FREQUENTLY ASKED QUESTIONS
In the short time that my
pages have been published I have received many requests for information. This FAQ page
lists some of the most common questions. Of course when we are working with mother nature
we can't always guarantee the results!
NOTE: The following is based
on U.K. experience and common practices adopted by chrysanthemum
growers in the U.K. There will be different experience and different
practices in other parts of the world.
|Q: What should I do with my chrysanthemum plants when flowering has
|A: In most circumstances the plant will die
back naturally after flowering. At this point the old flowering stems can be reduced in
length. Plants should then be dug up and the roots trimmed back a bit. The old stems can
be further reduced as they dry out, eventually to about 6 inches. The old root can then be
'boxed up' in new compost, removing any remaining leaves and nipping back any early growth
from around the base of the root. Be careful not to pull the basal growth off the root.
They should then be kept in good light and frost free through the
winter with compost gently moist. In Jan/Feb time new growth should begin to emerge
from around the base of the old root and possibly on the stem itself. As these growths
appear more moisture will be required, and depending on the weather, more heat. These new
growths can be propagated to produce new plants by snapping them off when they are about
2-3 inches long. Alternatively it is possible to leave the shoots on the old plant and
re-plant everything in the spring. Plants created from newly rooted growth tend to be more
vigorous than those left on the old plant and they will almost always be a replica of the
Follow the 'Getting started' link for more information.
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|Q: When should I cut blooms for a show?
|A: Blooms are normally cut 24 to 48 hours
before the show date and kept in relatively deep water to allow the stems and petals to
charge themselves up. I normally cut my blooms on Thursday afternoon/evening for a
Saturday show. If I had a large number of blooms for a Saturday Show I would perhaps make
a start on Wednesday evening, but no sooner.
|Q: Do chrysanthemums need lots of water?
|A: Chrysanthemums are vigorous plants with
active root systems. As the plants grow during summertime the increase in number of leaves
and total leaf area mean that moisture loss through the leaves can be considerable. When
blooms are forming and petals elongate it is the moisture taken in by the roots that plays
a big part in influencing individual petal size and ultimately, overall bloom size. Of
course, cultural technique and previous treatment in terms of feeding and climate
conditions will also play a part in determining bloom size and quality.
So, the answer is yes, adequate moisture at the roots is required.
|Q: How do I propagate new plants?
|A: Chrysanthemums are usually propagated
from cuttings. These are new growths that appear on the old plant during winter and early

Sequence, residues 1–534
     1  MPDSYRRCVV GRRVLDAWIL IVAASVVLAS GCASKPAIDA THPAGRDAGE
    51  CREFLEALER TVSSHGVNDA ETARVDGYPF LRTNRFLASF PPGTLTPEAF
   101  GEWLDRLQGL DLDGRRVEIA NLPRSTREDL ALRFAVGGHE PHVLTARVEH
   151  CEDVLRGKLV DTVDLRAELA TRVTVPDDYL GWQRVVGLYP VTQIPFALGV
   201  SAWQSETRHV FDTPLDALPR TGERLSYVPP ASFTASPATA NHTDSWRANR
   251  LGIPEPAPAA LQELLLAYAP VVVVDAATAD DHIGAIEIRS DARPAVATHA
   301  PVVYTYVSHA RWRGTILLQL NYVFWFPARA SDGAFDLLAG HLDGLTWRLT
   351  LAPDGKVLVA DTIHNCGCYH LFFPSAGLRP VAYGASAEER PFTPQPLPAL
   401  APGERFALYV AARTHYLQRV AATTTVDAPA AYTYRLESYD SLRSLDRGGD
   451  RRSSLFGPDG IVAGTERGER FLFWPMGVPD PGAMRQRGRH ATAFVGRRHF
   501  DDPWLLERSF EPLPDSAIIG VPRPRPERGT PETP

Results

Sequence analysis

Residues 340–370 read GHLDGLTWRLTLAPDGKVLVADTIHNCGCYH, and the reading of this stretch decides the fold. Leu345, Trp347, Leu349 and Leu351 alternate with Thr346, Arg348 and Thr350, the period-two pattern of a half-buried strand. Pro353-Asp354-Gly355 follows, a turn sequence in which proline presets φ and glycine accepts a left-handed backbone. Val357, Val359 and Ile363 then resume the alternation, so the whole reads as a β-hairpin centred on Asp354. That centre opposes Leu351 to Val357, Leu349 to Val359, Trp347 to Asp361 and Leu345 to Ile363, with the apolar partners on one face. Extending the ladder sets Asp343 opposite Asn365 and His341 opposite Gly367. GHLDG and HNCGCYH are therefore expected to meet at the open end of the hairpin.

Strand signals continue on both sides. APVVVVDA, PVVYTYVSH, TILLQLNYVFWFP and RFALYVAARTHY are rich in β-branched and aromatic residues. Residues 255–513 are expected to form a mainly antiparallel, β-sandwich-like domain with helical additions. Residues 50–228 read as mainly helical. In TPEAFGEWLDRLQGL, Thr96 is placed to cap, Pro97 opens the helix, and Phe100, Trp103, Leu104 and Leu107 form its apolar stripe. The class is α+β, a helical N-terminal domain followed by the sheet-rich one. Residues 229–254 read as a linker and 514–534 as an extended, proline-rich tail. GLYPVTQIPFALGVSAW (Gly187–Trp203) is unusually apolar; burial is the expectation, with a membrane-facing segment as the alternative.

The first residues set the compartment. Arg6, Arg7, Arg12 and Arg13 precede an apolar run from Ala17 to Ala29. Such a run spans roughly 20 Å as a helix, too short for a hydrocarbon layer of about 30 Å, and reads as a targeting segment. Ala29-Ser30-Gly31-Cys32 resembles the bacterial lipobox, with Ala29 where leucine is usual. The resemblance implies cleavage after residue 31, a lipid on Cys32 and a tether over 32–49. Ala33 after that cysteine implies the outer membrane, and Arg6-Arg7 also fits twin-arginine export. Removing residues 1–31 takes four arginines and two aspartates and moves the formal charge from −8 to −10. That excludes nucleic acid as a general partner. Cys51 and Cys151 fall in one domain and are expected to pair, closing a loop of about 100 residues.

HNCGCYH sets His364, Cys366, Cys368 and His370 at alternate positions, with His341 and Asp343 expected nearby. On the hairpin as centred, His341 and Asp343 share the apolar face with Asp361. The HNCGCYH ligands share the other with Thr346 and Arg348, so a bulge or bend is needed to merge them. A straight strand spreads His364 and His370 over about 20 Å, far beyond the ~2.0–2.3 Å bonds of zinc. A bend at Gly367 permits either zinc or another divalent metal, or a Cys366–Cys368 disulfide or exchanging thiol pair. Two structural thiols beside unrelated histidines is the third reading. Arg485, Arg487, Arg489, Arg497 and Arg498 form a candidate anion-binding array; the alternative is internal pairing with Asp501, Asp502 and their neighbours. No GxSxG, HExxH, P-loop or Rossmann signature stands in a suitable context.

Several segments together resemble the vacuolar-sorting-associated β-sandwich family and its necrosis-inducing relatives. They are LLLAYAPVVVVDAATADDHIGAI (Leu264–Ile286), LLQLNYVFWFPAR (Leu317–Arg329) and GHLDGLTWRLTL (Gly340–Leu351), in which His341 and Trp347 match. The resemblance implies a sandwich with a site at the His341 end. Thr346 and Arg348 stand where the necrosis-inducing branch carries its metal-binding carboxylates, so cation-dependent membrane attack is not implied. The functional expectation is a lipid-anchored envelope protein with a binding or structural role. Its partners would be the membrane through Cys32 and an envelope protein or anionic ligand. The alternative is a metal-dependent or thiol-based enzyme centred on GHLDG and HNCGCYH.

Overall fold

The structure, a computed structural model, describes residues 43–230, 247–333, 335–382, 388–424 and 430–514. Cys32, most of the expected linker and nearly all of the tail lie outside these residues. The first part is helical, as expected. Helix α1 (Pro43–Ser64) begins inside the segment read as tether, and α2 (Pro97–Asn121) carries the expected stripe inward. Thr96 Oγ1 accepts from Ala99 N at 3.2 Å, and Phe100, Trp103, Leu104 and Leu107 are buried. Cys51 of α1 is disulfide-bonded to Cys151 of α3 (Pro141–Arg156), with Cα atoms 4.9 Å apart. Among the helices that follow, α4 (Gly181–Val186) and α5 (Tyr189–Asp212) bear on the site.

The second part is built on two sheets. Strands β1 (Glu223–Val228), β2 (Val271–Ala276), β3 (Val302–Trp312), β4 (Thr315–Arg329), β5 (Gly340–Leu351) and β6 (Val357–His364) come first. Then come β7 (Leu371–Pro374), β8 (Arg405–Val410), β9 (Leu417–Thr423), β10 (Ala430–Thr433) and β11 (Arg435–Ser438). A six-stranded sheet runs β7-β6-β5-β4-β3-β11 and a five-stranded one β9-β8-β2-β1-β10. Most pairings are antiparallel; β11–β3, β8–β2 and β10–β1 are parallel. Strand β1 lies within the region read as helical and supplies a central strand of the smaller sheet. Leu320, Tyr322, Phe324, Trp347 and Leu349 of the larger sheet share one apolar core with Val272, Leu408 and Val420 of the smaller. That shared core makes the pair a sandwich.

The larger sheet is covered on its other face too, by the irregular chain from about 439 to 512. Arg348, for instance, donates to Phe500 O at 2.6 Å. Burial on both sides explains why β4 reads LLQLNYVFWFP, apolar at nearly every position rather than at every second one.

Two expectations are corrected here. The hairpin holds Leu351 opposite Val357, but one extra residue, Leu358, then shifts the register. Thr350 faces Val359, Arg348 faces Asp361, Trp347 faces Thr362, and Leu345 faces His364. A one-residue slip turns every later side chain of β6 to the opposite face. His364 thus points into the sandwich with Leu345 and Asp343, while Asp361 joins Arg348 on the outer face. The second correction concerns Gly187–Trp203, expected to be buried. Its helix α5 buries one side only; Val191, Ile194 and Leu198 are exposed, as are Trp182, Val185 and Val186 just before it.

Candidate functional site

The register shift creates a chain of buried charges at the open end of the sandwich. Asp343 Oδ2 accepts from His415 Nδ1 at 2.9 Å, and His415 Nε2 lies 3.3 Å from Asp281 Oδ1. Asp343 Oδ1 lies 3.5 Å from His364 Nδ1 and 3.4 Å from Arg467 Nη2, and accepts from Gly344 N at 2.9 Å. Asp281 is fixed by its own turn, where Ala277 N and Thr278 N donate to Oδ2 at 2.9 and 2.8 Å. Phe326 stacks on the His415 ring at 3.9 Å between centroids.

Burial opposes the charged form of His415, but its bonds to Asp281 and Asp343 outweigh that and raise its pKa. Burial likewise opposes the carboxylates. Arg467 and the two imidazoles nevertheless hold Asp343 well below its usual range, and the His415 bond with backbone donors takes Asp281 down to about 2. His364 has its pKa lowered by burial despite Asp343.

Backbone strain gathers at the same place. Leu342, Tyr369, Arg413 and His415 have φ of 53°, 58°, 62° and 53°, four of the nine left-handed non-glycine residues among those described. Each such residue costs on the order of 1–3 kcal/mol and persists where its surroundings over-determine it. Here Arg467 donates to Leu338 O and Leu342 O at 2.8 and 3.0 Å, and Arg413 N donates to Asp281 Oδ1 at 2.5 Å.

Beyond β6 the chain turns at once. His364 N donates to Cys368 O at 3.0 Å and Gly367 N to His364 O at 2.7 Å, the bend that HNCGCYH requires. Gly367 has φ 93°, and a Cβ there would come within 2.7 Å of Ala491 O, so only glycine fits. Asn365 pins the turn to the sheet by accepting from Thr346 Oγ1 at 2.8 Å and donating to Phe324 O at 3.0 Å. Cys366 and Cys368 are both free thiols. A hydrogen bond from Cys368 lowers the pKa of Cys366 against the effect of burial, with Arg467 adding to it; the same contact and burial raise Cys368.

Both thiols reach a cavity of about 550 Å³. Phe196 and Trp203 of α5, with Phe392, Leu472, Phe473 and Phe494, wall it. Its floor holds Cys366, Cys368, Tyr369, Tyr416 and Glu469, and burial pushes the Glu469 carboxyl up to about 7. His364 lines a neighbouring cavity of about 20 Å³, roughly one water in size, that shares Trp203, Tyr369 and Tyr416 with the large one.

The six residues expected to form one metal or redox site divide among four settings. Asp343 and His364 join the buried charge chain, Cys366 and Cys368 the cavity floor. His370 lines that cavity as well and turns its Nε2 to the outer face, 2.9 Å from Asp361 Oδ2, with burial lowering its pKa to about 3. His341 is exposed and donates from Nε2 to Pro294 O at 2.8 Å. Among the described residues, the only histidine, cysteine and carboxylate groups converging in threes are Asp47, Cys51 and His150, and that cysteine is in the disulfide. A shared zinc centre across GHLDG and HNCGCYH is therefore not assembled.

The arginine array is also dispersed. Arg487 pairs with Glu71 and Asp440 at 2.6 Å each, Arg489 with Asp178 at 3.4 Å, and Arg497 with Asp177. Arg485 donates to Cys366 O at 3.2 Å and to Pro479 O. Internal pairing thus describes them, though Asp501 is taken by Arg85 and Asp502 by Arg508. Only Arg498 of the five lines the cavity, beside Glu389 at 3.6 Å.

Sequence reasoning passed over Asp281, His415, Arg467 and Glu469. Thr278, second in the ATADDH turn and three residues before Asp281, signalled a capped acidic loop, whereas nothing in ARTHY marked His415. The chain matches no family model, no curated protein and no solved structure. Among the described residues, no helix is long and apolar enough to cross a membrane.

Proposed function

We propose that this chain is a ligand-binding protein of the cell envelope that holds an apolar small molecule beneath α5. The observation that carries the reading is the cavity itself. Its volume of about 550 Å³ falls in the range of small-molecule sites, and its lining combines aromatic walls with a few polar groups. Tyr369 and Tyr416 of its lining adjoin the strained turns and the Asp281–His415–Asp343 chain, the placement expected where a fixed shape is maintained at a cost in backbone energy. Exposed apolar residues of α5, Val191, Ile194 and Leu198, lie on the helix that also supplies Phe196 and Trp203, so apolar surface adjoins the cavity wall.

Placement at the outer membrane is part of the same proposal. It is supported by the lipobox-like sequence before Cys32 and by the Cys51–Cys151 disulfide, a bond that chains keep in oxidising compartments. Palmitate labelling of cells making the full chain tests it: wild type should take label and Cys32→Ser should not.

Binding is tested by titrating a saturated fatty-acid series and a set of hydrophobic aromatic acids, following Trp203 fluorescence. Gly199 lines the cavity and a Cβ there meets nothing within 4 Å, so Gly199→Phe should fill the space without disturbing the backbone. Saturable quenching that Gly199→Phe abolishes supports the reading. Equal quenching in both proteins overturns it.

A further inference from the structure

spring. When cuttings reach about 2-3 inches in length they can be snapped of and
propagated individually to form new plants.
'Getting Started' page has some pictures and more information on propagation.
|Q: How do I keep the blooms clean and pest free?
|A: Most growers use some form of control
against aphids, blackfly and earwigs. As blooms begin to form they present an ideal place
for such pests to hide. Because of this many growers resort to the use of paper bags that
are inflated and placed over the developing flower, thus keeping these pests at bay.
The 'Bloom Protection' page shows several methods for bagging
|Q: Do Chrysanthemums grow from seed?
|A: Yes chrysanthemums do grow from seeds
but it's likely that every plant grown from seed will be different both from the plant
next to it and from it's parents. Many new cultivars are created this way. The
surest way to get the types you want is to take cuttings as described above.
|Q: Could you explain Soilless Compost? Is it just pure peat or do I
have to add something to it?
|A: Soilless compost is any compost that
does not contain a soil component in it's makeup. It can be peat based, coir based, bark
based etc. These materials are generally deficient in nutrient so they have to be added as
fertilisers. When you buy Soilless compost from the garden centre or DIY shop it already
has the nutrients added and is ready for use. Garden centre soilless composts don't
usually have any grit or sand in the formula.
If you make it up a compost yourself the normal formula is 3 parts peat to 1 part sharp
sand/grit to which is added either a soilless potting base or fertilisers to your own
formula. There are a few formulae listed in the National Chrysanthemum Society
'Chrysanthemum Manual'. Most gardening books should give advice in this area.
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If you would like further information or
wish to comment on this publication please send your e-mail to: email@example.com
Last updated on 06 February, 2002